It could have been a day in which American racing received a much-needed boost.
Instead, Big Brown finished last and, in doing so, gave rise to an uncomfortable question about his form.
What part did drugs play?
Big Brown fought out a good win in the Kentucky Derby. He was the runaway winner in the Preakness Stakes and headed into the Belmont unbeaten in his five previous starts.
No one can deny that every athlete - equine or otherwise - can have an off day. Perhaps that played a part in the Belmont. Perhaps its was the 30deg C heat on the course. There was also concern over a cracked hoof but Big Brown showed no evidence of lameness. Apart from that, there was nothing to indicate such a spectacular slump in form.
And spectacular it was. Big Brown was handy enough to the final turn but had nothing left. Jockey Kent Desormeaux says Big Brown is the best horse he has ridden but was at a loss to explain his mount's lack of finish.
"I had no horse," he told reporters.
The form slump was such that racegoers must now be asking what part the anabolic steroid Winstrol may have played in Big Brown's loss.
Trainer Rick Dutrow has admitted to regularly dosing Big Brown with Winstrol, also known as Stanozolol, which can build muscle mass and speed healing.
It's nothing Dutrow needs to keep secret. Its use is legal in 28 of the 38 states that have horse racing. The 10 racing states with bans do allow it, but only if prescribed for a medical condition.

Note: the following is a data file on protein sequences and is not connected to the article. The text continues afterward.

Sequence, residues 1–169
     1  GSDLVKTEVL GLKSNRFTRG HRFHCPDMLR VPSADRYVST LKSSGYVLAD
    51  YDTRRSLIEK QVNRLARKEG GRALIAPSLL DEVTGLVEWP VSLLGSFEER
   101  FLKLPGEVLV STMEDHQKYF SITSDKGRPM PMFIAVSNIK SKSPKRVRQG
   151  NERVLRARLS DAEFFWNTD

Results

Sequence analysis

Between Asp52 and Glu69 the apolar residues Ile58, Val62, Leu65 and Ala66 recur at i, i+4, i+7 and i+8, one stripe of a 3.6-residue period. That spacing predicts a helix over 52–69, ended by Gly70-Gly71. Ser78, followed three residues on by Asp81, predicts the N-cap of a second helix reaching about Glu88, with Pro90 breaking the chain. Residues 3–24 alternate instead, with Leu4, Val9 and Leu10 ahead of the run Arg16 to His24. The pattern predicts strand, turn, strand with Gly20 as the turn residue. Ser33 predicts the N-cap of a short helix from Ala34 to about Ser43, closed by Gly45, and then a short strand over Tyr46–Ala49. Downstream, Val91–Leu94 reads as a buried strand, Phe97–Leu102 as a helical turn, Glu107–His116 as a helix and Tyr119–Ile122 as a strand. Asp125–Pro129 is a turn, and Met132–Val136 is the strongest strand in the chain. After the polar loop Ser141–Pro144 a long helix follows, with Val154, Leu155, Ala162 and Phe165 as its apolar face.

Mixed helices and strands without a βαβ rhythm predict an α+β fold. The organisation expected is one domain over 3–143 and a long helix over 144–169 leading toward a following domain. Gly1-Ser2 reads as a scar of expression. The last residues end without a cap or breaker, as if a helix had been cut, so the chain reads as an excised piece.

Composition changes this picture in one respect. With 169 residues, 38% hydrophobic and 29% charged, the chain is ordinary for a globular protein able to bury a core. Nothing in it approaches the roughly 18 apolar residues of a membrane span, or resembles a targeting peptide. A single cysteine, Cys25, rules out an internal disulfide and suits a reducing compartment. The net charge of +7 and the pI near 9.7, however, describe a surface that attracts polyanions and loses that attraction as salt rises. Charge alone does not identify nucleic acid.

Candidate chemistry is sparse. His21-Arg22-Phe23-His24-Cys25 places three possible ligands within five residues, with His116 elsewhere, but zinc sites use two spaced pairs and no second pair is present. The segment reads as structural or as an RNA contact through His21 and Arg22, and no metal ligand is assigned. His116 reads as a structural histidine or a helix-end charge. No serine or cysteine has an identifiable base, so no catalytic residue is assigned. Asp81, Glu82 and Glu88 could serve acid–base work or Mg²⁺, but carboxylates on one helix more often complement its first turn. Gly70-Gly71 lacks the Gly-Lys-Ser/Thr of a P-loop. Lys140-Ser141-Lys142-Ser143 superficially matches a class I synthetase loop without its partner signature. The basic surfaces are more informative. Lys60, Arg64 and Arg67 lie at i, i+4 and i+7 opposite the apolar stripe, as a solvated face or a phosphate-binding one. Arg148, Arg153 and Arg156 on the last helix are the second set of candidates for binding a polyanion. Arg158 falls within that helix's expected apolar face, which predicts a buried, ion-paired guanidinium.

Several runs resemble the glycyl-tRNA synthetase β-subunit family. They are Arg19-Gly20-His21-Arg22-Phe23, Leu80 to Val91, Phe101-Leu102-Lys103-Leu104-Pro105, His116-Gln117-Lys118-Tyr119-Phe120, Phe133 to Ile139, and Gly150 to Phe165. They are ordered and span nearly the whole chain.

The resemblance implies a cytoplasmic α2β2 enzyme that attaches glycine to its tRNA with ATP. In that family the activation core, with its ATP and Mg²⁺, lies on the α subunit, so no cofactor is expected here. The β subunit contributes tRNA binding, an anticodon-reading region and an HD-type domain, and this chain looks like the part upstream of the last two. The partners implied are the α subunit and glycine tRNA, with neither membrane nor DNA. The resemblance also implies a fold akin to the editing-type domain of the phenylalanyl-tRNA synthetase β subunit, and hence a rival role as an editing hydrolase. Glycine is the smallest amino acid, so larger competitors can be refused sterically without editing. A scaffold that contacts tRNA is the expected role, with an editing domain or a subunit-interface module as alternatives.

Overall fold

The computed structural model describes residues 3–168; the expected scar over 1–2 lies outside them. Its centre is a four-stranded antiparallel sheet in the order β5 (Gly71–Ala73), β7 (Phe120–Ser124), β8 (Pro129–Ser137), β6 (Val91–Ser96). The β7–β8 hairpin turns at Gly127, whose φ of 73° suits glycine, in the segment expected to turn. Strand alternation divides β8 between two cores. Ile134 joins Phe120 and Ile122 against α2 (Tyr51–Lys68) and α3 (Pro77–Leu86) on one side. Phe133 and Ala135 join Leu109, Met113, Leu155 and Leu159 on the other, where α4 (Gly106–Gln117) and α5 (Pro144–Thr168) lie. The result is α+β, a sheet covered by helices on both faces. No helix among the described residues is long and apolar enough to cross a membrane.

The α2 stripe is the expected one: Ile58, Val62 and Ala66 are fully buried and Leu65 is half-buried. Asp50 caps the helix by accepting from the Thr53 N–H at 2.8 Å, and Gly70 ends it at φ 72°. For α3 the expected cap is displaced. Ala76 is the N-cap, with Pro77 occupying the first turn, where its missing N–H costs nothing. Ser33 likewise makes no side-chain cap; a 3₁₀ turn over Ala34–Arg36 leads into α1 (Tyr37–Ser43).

The states in which the Triple Crown is raced are unaffected by the bans.
Dutrow told the media that all the horses he trains receive Winstrol on the 15th of each month. However, he said he had not given Big Brown a shot since before the Kentucky Derby and told reporters he would not receive one before the Belmont.
And so the question arises. It might not have been the heat. It might not have simply been an off-day. Perhaps Big Brown's form slump can be explained by the withdrawal - temporary or otherwise - of Winstrol.
It is not the sort of controversy American racing needs. There are already major issues doing real damage to the sport. The safety of track surfaces, the durability of thoroughbreds, the use of whips, even the age at which horses take to the track.
Animal welfare groups have been focusing on the sport for all these reasons.
But perhaps the most damning is the industry's policy towards steroid use. It is unacceptable in human athletes, so why should it be acceptable in racehorses in a majority of US states where there is racing?
Given the very specific worries over racing - the durability of horses and the high profile deaths of fine horses like Barbaro and Eight Belles - you would think a total ban on steroid use would be a no-brainer.
But not yet.
There is a groundswell of support within the US industry for a ban. Until that time, it's hard to believe the industry is genuinely concerned about any of the key safety issues that continues to erode support for the sport by the day.